Gov’t committed to expanding access to legal aid — minister

Minister of State for Legal Affairs Wafaa Bani Mustafa
Minister of State for Legal Affairs Wafaa Bani Mustafa.(Photo: Petra)
AMMAN — The government is committed to expanding access to legal aid as a fundamental guarantee of a fair trial and as a key component of Jordan’s dedication to the UN’s sustainable development agenda, Minister of State for Legal Affairs Wafaa Bani Mustafa said, according to the Jordan News Agency, Petra.

She told a meeting on legal aid in Amman on Wednesday that the Ministry of Justice had already established a directorate and a legal aid fund to ensure the sustainability of this type of assistance and not rely solely on volunteers.

The conference, organized by the Justice Center for Legal Aid, brought together government and civil society stakeholders to discuss how to standardize and regulate legal aid on a national scale to promote justice and equality for all.

Bani Mustafa emphasized that the government is committed to enhancing coordination between the Ministry of Justice, the Judicial Council, the Bar Association, and civil society institutions to advance legal aid and guarantee citizens’ access to justice.

She expressed hope that the conference will produce a clear vision for developing legal aid services, providing protection for the vulnerable, especially children, victims of violence, and other high-risk groups, and allowing them to fully exercise their rights.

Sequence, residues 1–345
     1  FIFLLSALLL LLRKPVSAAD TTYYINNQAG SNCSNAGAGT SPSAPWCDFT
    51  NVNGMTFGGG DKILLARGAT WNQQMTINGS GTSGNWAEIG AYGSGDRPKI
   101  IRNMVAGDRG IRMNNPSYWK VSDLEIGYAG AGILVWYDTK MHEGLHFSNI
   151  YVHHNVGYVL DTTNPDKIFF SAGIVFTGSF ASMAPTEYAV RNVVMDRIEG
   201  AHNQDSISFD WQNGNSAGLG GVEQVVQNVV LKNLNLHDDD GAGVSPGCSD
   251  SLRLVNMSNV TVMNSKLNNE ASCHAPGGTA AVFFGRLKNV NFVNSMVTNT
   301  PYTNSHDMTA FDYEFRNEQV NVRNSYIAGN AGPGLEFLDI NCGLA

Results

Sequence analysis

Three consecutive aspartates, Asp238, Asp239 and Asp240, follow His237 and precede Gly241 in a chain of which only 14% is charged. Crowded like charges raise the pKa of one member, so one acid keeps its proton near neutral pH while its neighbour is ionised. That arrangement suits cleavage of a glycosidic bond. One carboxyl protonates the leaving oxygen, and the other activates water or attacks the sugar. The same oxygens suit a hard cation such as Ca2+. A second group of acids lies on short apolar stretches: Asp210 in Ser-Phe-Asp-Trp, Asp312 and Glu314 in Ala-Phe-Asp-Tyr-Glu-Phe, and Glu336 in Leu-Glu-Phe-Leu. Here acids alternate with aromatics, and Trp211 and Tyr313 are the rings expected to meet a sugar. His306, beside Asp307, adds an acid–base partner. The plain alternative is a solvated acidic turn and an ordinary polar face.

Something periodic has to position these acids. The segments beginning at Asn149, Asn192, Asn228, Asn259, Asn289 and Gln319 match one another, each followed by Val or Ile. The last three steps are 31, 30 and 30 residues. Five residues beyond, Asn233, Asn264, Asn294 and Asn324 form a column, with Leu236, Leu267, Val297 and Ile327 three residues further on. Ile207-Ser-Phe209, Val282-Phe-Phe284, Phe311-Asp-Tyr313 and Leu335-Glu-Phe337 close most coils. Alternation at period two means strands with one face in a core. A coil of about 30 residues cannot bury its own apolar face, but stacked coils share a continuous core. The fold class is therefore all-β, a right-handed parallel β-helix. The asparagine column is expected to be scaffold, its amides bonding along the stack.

Maha Al-Khatib, chair of the Administrative Board of the Justice Center for Legal Aid, said that the gathering is a call to the various stakeholders to continue dialogue to achieve the noble goal of ensuring that no one is denied access to justice.

She cautioned that failing to meet the needs of the weak and helpless “places us in a position of great social, legal, and moral responsibility.”

Khatib explained that her center is pursuing a national legal aid system, noting that 70 percent of individuals appear in court without an attorney and one out of every five families is exposed to “legal issues”.

She explained that only 3 percent of violence victims seek legal counsel, so it is necessary to improve access to justice and promote the rule of law.

The resident representative of the UN Development Program in Jordan, Randa Aboul-Hosn, said that access to justice is a fundamental right. She said that legal aid has been recognized since the 1990s and that everyone has the right to seek legal assistance in all stages of litigation to protect and establish their rights.

She added that, according to the basic principles of the rule of law, it is the responsibility of the government to ensure that everyone, regardless of their means and background, have access to legal representation to protect their rights before the law.

Legal aid, according to the UN official, includes free legal advice, assistance, and representation for those who cannot afford it, as well as access to legal information and services through alternative dispute resolution mechanisms and restorative justice processes. اضافة اعلان



Read more National news
Jordan News